Film Review: ‘Beta Test’

A real-world first-person shooter causes mayhem in this preposterous sci-fi action-thriller.

Mau Bennett, Larenz Tate, Linden Ashby, Kevon Stover, Sara Coates, Yuji Okumoto

Conspiracy theorists obsessed with spinning false-flag scenarios may appreciate the stoking of their paranoia during “Beta Test,” a weirdly retro and energetically preposterous thriller about a video-game mogul’s plot to seriously restrict the right to bear arms. But the only other conceivable audience for this low-budget, high-concept sci-fi action-thriller would be B-movie fanatics with a deep-rooted fondness for the sort of ’80s direct-to-video concoctions that once littered shelves at Blockbuster outlets. At one point, a character here pointedly asks for soda and popcorn as he watches action unfold on big-screen monitors. In real-life, however, viewers more likely will be consuming brewskies and microwaved burritos as the absurdities proceed apace.

The plot has something to do with a video-game developer who’s been implanted with a device that more or less turns him into a real-world first-person shooter, and has something else to do with an agoraphobic beta-tester forced to control the shooter’s action from the relative safety of his living room. There is a method to this seeming madness: Creed (Manu Bennett), the guy with the implant, wanted to build on his wartime experiences by designing technology that could transform normal soldiers into remote-controlled super-warriors. (Hey, did someone say “Universal Soldier?”) But that technology is turned against him by Kincaid (Linden Ashby), a vidgame tycoon with a vaguely defined scheme to disarm citizens and “keep guns in games” by using Creed and others as patsies to wreak havoc, elevate body counts, and otherwise tilt public opinion toward more restrictive gun-control laws. No kidding.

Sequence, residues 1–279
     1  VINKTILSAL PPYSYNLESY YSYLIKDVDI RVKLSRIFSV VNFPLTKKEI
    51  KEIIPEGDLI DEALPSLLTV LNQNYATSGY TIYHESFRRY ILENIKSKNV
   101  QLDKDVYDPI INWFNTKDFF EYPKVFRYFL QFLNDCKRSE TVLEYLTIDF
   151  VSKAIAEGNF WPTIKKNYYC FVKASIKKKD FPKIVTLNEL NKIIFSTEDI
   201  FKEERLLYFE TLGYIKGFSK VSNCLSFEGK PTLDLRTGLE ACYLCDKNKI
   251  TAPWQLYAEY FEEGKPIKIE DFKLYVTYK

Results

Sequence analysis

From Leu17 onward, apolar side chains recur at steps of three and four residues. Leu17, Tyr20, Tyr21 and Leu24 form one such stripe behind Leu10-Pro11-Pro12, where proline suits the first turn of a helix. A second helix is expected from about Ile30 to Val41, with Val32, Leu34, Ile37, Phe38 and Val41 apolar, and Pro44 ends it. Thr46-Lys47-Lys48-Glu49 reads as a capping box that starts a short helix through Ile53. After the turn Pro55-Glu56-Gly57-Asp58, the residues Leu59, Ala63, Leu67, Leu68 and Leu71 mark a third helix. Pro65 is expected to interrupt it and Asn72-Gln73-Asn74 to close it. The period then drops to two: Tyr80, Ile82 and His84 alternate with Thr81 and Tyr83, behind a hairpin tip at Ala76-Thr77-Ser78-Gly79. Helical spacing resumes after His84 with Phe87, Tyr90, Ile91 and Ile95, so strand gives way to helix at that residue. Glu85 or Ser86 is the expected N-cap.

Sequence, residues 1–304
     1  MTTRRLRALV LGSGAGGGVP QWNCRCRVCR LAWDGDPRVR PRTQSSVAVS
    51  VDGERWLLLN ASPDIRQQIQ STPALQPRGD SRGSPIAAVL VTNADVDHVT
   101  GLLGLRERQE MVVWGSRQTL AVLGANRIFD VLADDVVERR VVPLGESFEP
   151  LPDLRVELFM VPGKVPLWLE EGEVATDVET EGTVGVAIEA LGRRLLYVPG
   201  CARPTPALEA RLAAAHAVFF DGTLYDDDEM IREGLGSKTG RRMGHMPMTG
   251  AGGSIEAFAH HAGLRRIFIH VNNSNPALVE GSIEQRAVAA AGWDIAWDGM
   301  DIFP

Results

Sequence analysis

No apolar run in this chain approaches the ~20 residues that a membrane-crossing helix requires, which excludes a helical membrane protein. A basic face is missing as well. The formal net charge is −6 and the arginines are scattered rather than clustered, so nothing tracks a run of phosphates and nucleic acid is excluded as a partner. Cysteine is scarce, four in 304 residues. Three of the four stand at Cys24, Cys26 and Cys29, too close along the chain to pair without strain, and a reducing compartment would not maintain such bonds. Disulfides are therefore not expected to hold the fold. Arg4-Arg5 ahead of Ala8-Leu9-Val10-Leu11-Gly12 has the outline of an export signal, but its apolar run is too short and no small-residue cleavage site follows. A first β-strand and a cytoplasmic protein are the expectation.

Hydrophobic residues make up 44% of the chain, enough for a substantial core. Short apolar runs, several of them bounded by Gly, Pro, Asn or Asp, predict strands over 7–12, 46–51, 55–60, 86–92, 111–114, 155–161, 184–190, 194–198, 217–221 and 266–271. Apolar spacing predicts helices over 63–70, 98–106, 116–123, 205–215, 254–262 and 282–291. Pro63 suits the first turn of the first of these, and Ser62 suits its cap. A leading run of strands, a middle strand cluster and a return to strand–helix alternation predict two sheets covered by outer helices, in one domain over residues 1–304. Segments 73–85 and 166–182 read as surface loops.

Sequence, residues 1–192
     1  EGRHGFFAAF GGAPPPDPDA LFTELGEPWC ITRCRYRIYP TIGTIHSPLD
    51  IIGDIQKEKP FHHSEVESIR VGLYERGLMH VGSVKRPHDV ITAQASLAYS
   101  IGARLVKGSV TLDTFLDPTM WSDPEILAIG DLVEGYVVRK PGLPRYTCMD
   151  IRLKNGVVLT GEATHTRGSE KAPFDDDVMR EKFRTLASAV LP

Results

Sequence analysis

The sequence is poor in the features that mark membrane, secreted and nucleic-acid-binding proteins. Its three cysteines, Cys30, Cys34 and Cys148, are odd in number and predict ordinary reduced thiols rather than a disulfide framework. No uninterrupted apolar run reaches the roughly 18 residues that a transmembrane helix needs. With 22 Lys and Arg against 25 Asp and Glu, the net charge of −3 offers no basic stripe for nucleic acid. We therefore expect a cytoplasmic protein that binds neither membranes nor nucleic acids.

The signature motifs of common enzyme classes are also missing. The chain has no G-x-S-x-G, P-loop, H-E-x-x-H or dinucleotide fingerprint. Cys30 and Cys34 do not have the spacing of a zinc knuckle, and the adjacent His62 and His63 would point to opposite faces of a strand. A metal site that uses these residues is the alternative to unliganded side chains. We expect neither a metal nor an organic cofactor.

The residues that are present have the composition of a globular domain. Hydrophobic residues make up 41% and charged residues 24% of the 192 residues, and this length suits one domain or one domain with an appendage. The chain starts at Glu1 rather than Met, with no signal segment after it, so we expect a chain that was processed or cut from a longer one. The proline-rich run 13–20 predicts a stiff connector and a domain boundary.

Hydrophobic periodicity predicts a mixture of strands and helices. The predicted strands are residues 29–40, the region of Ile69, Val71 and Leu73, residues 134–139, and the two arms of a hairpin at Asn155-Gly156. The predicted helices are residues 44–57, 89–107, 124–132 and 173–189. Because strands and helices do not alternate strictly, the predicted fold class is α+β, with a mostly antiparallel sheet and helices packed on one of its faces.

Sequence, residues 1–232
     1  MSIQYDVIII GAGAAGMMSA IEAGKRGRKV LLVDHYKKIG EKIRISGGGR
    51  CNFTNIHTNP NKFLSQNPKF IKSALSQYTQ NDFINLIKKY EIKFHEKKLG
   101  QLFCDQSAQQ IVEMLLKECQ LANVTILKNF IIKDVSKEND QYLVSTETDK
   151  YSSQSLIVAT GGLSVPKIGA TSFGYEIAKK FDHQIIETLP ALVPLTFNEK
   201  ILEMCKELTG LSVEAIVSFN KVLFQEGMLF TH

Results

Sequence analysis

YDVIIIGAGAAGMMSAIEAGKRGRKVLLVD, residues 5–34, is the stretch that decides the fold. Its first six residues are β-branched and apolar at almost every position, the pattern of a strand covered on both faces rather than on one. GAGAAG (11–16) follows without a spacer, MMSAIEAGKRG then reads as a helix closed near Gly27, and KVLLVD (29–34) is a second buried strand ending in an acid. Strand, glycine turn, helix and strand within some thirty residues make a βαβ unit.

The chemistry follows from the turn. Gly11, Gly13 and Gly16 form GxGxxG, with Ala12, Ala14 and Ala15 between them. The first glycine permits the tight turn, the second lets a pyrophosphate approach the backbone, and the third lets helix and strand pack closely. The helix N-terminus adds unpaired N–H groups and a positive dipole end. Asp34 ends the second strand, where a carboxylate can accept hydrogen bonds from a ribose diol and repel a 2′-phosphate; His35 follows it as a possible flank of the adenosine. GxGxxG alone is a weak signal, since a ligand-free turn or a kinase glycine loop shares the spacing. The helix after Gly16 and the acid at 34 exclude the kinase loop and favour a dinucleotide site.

Larenz Tate figures into the mix as Max, a cocky yet reclusive beta-tester who hasn’t left his house in years because – are you sitting down? – jealous rivals inadvertently shot his beloved dog while aiming at him. Kincaid forces Max to try his hand at controlling Creed in order to “get the bugs out” of the new technology. But Creed — who just happens to be a bone-breaking, throat-slitting, butt-kicking bad boy when he’s not working in the lab — manages to go rogue in order to free his wife (Sara Coates) from Kincaid’s clutches.

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From the opening credits, which unfold over news clips depicting terrible events ranging from 9/11 to the Aurora movie theater shootings, to the sporadic mentions of false-flag theories — evoking the JFK assassination, Creed refers to Lee Harvey Oswald as “a distraction” — “Beta Test” is fraught with indications that director Nicholas Gyeney, working from a script he co-wrote with Andre Kirkman, intends this nonsense to work on some level as a cautionary tract about… well, some kind of clear and present danger. (Gun-hating lefties, maybe?)

Ultimately, however, “Beta Test” works best (and even then, just barely) as an homage to those Reagan/Bush Era quickies designed to slake the hearty appetites of undiscriminating VHS renters. The preponderance of interior shots, the mad dashes through conspicuously underpopulated streets, the ’80s porn-star mustaches on plot-recapitulating newscasters, the aggressively loud VH1-ready musical score, the melodramatic line readings by actors desperate to hard-sell generic dialogue  — really, just about the only thing that’s missing here is a swaggering cameo by Wings Hauser. Instead, we get a broadly villainous turn as a sadistic henchman by Kevon Stover, who looks and sounds like what you’d have to settle for if you went shopping at Kmart for Danny Trejo.

Film Review: 'Beta Test'

Reviewed online, Houston, July 21, 2016. Running time: 78 MIN.

Production: A Screen Media Films release of a Mirror Images presentation in association with Tate Men Entertainment of a Big Genie production. Producers: Nicholas Gyeney, Andre Kirkman, Larenz Tate. Co-producer, Edi Zanidache. Executive producers: Kevon Stover, Shelley Stepanek, Lahmard J. Tate, Larron Tate.

Crew: Director: Nicholas Gyeney. Screenplay: Gyeney, Andre Kirkman, based on story by Gyeney. Camera (color): Michael Boydstun. Editor: Jay Somsen.

With: Mau Bennett, Larenz Tate, Linden Ashby, Kevon Stover, Sara Coates, Yuji Okumoto

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